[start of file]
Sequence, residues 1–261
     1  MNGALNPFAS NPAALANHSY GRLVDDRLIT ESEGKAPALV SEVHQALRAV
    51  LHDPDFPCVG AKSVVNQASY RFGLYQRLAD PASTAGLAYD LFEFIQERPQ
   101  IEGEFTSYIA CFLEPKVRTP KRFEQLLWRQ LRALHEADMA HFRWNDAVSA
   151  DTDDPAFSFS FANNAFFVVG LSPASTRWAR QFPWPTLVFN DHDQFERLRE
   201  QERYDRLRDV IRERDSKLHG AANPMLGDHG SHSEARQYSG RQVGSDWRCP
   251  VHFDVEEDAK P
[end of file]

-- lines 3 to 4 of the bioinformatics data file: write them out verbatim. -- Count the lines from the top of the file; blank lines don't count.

    51  LHDPDFPCVG AKSVVNQASY RFGLYQRLAD PASTAGLAYD LFEFIQERPQ
   101  IEGEFTSYIA CFLEPKVRTP KRFEQLLWRQ LRALHEADMA HFRWNDAVSA